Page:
-by Anne Farries
On Wednesday, as every New Year’s Day for the past 25 years, the Cameron family and dozens of their fellow Invernessers went to the beach, threw their coats on the sand, and plunged headlong into the icy waves of winter.
Then, lurching, gasping, and laughing, they rushed back out.
“It wasn’t any warmer than last year, I’ll tell you,” said Bob Cameron, retired mill worker, in his faux red kilt – a tartan bath towel with printed sporran – still dripping from his quick, quirky dunking in the Gulf of St. Lawrence.
Bob started the heart-stunning Inverness tradition in 1995 on a whim with his children and two nieces, but he wouldn’t say whether it was for fun or to defy fear.
“It’s for the sheer foolishness,” said Caroline Cameron, his sister. Wednesday, at the beach, her attire included runners, a puffy winter coat, and a tall, red, Cat-in-the-Hat hat.
“It was Bobby,” she said. “I don’t know why.”
Caroline was among 14 other Camerons and 26 other people who joined Bob the second year. She knows that because the family handed out certificates. The formality was short lived, but the Inverness Polar Dip persisted, becoming an Inverness custom, with several swimmers joining year after year. Nobody knows how many times each has swum except the swimmers themselves.
“I didn’t hit every year, but then I don’t know if anybody has,” Caroline said. “I’d be curious to hear.”
Finding out who might own bragging rights to an uninterrupted record of polar dips would require poring over old photographs, because nobody has taken attendance, handed out application forms, or awarded prizes.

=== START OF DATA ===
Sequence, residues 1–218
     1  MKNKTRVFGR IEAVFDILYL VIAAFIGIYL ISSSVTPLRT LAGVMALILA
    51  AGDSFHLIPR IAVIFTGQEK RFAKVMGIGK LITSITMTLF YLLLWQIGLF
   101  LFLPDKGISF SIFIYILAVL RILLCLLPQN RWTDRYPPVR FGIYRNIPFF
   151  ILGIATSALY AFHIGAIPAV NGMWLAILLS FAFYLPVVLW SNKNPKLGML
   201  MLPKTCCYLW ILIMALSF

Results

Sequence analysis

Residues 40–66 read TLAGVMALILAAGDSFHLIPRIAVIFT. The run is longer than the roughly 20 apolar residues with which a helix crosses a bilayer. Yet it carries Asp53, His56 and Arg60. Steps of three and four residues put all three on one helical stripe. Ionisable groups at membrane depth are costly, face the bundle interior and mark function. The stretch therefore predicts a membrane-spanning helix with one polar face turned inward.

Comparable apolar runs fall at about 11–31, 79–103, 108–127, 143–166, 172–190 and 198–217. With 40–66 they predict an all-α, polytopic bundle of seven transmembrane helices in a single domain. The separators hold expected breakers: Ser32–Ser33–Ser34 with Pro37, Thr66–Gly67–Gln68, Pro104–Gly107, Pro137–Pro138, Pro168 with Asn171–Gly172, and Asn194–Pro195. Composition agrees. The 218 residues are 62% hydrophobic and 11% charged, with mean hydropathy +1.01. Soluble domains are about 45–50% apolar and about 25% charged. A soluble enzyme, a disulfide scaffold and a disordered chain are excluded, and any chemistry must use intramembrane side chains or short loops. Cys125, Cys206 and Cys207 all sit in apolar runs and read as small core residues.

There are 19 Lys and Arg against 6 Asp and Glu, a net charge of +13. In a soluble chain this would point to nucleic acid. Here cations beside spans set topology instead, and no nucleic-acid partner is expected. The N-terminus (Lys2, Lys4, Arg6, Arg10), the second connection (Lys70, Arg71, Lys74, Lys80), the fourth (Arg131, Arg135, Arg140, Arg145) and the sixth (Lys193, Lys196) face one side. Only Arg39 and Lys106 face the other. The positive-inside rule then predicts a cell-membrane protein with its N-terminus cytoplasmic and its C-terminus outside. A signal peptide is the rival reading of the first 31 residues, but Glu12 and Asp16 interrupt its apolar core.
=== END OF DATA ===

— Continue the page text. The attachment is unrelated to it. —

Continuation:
For a while, the dippers used the Inverness Development Association’s beach canteen as a base.
“But then, a couple of years later, somebody said, ‘well, we don’t want any liability,’ so it stopped being an IDA thing and started being an Inverness thing,” Doug said.
Jesse Ryan was on the beach Wednesday for what he estimated was his 20th dip.
“Once you start, you just can’t stop,” he said. “Starts the New Year fresh.”
The event is entirely unregulated.
“There’s no organization.” said Doug, another of the Cameron siblings. “The young people like to do it, then they go to the Legion after. They all get together and brag.”
The relaxed approach is echoed, for example, in the count-down to the plunge. Most years, a random person assumes the task of calling “three, two, one, go,” not because they have been assigned the duty, but because they are tired of waiting in the cold.
Some years, nobody calls it. One swimmer bolts and the rest follow.
“It’s very precarious,” Doug said. “They need to get it over with.”
In the early years, one of the Camerons passed the hat, asking $5 each for the local food bank. But the practice died because “there was too much commotion to keep track of money – people had no clothes on,” Doug said.
Does a dive into ice-crackling water steal the breath and stop the heart?
“It’s always pretty shocking,” Caroline said. “Once you get out and get bundled up, it’s all right. You’re in for such a short time. The worst thing is to stand around in the breeze without any protection. That will cool you right down, but otherwise, it’s fine.”
All are welcome. There are no rules. It’s every polar plunger for him or herself. Caroline had advice for first-time dippers: “Wear footwear,” she said.
“Cover your feet,” agreed Doug. “Nobody will think less of you. Really, it’s too painful on the feet.”
“Don’t strip down until the countdown,” suggested Caroline. And, take a friend, she said. “It’s really important (for the swimmer) to have another person there who will make sure they get a towel around them, because the cold water can give a sort of hypothermia,” she said. “You could get stupid. You really should go with someone else who will make sure you get looked after.”
No one has ever been injured, Caroline believes.
This year, the crowd in the water numbered around 45, with twice as many cheering from the dunes above.
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